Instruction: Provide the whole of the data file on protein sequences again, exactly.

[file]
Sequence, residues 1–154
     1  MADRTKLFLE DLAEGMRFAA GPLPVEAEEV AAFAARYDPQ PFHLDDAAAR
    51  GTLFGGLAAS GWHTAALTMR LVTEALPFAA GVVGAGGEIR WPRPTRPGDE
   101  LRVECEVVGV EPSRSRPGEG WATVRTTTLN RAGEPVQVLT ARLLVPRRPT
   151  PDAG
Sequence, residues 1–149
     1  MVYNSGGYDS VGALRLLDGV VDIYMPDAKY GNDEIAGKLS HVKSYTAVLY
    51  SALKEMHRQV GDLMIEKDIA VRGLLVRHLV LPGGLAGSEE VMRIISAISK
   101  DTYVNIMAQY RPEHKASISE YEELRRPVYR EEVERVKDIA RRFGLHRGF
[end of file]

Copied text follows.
Sequence, residues 1–154
     1  MADRTKLFLE DLAEGMRFAA GPLPVEAEEV AAFAARYDPQ PFHLDDAAAR
    51  GTLFGGLAAS GWHTAALTMR LVTEALPFAA GVVGAGGEIR WPRPTRPGDE
   101  LRVECEVVGV EPSRSRPGEG WATVRTTTLN RAGEPVQVLT ARLLVPRRPT
   151  PDAG
Sequence, residues 1–149
     1  MVYNSGGYDS VGALRLLDGV VDIYMPDAKY GNDEIAGKLS HVKSYTAVLY
    51  SALKEMHRQV GDLMIEKDIA VRGLLVRHLV LPGGLAGSEE VMRIISAISK
   101  DTYVNIMAQY RPEHKASISE YEELRRPVYR EEVERVKDIA RRFGLHRGF